Commentaires client les plus utiles sur Amazon.com (beta)
Amazon.com:4.7 étoiles sur 5 3 commentaires
27 internautes sur 27 ont trouvé ce commentaire utile
4.0 étoiles sur 5a thoughtful, honest treatment21 février 2009
Par Matthew Marston - Publié sur Amazon.com
In this book, Christopher Southgate addresses the "problem of evil" with particular attention to evolution. He notes that evolution necessarily includes pain, suffering, death, and exctinction as part of the process. How does someone who confesses the goodness of God respond to this? Southgate attempts his answer in this book.
Along the way, Southgate helpfully critiques other proposals (i.e. process theology, creationism, intelligent design, de Chardin), and interacts with a wide variety of thinkers, all in clear writing and with a charitable spirit. For instance, Southgate believes that God suffers with creatures and employs "kenosis" as an important part of his constructive moves. But he carefully interacts with critics of these two theological positions and refines his own views as a result. After describing his approach to creation, Southgate outlines the role of humanity before ending with some concrete ethical proposals.
For anyone interested in this subject, this is a helpful book. I found Southgate's honesty, his willingness to ask the difficult questions, and his own modesty extremely refreshing. I imagine everyone who reads it will be challenged in some deep ways, but will find the book well worth their attention.
6 internautes sur 6 ont trouvé ce commentaire utile
5.0 étoiles sur 5Reconciling animal suffering and a good creation28 mars 2014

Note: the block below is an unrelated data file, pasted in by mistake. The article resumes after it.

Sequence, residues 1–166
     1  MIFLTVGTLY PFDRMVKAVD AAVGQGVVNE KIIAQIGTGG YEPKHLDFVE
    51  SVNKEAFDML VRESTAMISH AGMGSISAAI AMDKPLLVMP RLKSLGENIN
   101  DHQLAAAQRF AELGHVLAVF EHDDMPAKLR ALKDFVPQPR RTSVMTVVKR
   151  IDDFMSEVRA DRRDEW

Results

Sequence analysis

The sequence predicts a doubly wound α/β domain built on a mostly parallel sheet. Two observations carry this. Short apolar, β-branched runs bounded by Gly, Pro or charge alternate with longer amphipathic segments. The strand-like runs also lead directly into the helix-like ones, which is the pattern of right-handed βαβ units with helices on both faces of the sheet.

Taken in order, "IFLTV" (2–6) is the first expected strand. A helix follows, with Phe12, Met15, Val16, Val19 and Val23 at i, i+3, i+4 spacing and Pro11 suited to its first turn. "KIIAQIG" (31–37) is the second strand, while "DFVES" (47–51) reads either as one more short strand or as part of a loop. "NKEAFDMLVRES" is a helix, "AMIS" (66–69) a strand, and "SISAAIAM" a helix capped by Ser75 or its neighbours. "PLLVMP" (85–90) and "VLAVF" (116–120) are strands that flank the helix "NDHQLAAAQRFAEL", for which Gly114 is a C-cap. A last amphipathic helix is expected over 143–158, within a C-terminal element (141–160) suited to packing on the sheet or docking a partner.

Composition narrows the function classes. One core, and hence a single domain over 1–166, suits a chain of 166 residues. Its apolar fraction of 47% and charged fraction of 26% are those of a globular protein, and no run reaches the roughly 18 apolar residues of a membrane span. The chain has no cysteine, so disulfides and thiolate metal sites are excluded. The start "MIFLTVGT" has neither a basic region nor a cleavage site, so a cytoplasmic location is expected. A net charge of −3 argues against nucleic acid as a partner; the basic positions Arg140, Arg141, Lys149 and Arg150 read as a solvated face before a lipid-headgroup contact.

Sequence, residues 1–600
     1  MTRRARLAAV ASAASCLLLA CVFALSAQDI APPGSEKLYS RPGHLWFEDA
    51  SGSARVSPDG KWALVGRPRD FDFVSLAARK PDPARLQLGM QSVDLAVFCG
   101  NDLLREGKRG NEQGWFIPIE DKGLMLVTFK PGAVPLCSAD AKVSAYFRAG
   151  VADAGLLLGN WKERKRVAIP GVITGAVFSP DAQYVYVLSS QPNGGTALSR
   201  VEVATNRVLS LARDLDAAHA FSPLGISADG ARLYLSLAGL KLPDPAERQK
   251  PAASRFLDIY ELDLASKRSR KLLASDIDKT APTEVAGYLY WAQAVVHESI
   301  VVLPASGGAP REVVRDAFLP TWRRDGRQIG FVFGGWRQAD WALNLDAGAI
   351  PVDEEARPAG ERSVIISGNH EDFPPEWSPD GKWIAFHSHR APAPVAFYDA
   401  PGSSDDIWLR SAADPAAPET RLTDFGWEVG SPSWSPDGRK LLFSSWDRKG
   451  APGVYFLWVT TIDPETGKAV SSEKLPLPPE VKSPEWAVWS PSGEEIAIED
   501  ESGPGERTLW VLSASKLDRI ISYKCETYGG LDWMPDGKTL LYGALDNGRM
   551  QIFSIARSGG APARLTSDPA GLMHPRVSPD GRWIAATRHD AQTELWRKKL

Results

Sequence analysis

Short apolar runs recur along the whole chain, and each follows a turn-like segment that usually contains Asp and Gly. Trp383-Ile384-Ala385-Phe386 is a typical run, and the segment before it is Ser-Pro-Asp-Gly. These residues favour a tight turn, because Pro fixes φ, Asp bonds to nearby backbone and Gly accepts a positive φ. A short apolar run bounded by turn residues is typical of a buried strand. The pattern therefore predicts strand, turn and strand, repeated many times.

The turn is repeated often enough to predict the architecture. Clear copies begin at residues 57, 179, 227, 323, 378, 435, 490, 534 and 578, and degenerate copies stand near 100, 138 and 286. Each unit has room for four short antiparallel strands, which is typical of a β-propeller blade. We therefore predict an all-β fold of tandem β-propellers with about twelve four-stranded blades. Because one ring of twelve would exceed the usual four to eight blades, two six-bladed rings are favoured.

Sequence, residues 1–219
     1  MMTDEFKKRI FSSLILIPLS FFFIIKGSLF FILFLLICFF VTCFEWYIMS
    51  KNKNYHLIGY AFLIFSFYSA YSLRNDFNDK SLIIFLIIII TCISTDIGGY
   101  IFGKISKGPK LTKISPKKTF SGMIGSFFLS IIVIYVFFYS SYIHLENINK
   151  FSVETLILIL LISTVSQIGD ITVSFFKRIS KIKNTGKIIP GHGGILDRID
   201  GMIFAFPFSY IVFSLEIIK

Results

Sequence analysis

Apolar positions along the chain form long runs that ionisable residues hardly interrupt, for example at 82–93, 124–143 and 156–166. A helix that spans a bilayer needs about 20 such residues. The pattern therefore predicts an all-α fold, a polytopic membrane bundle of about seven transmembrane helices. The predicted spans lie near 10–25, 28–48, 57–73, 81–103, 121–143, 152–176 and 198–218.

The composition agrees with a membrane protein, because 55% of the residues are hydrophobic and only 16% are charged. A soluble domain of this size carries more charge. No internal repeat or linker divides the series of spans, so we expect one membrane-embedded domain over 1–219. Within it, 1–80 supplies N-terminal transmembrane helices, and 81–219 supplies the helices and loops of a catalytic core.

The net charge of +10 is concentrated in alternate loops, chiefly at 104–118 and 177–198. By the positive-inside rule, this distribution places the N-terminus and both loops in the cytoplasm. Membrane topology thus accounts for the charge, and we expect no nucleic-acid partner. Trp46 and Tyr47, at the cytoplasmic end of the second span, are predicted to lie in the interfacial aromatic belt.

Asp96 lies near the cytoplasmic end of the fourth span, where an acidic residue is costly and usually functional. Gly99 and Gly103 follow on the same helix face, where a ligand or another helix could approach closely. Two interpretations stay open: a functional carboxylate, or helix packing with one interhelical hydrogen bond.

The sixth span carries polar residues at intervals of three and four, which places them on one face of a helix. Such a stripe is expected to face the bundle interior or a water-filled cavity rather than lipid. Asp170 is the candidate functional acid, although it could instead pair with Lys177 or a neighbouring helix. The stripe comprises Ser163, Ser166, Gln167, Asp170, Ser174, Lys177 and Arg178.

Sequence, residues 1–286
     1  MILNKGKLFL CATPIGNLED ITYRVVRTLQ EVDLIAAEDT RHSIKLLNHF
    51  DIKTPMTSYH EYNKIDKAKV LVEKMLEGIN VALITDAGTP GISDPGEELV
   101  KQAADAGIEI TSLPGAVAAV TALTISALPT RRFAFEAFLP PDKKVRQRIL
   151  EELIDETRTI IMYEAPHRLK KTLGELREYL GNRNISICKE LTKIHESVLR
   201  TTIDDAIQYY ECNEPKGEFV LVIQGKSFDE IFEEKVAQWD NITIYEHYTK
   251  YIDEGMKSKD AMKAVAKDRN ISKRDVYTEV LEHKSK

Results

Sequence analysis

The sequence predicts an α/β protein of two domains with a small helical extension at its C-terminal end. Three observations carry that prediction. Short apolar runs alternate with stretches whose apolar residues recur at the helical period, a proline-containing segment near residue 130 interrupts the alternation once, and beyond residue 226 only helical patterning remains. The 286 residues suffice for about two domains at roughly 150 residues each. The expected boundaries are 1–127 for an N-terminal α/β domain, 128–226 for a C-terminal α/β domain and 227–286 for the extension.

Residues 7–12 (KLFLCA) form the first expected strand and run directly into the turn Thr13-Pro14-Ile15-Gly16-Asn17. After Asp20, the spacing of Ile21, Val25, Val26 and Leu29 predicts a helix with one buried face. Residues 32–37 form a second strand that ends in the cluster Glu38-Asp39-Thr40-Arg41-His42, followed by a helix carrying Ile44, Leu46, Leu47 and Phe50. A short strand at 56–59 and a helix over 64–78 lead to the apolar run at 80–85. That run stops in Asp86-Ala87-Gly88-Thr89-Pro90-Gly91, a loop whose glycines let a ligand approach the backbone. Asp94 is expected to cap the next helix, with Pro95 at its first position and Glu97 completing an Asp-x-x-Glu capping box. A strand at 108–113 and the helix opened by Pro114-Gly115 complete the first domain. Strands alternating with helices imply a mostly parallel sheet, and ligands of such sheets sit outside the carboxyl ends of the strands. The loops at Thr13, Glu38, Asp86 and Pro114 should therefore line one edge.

Par Paul R. Bruggink - Publié sur Amazon.com
In this helpful book, Christopher Southgate tries to see how God can be both worthy of worship and the creator of a world that includes so much suffering, with a focus on animal suffering.
In addressing the question, “Why did God choose to create this universe with these laws and constants, knowing they would then make neo-Darwinian evolution unavoidable,” Southgate opts for the “only way” or the “best way” argument. He accepts the unprovable assumption that an evolving creation was “the only way that God could give rise to the sort of beauty, diversity, sentience, and sophistication of creatures that the biosphere now contains” (p. 16). He develops this argument by discussing God’s co-suffering with creation and the expectation that God will compensate the victims of evolution in the coming new creation.
Throughout the book, Southgate helpfully interacts with the views of other authors. His book ends with the pros and cons of, and proposals for, human intervention into the environment in order to save species from extinction.
Southgate’s book is accessible to the any reader. Scholarly pieces of discussion have been left to the end notes, resulting in fifty pages of end notes for 133 pages of text. Unfortunately, the text is identified at the top of each odd-numbered page by chapter names, and the endnotes are identified only by chapter numbers, deliberately making the endnotes even more difficult to find. The book also has a twelve-page index.
This is obviously not a book for Young Earth Creationists, since an old earth and evolution are presumed. It is accessible even for those without expertise in biological sciences or systematic theology. I recommend this book for Christians who are struggling with how to integrate biological evolution into their Biblical faith
1 internautes sur 1 ont trouvé ce commentaire utile
5.0 étoiles sur 5A wise book4 août 2014
Par M. Neuman - Publié sur Amazon.com
Other reviews on Amazon call The Groaning of Creation: God, Evolution, and the Problem of Evil, helpful. I agree. It makes a positive and insightful contribution to the discussion of the relationship of science and faith. Author Christopher Southgate, a research fellow at the University of Exeter, England, explores the ambiguity of evolutionary creation that is at the same time "very good" (Genesis 1:31) and predatory and extinguishing of species -- a place and state of pain, suffering, and death. Careful in building his case, Southgate proposes steps for human beings to take to make this a better world.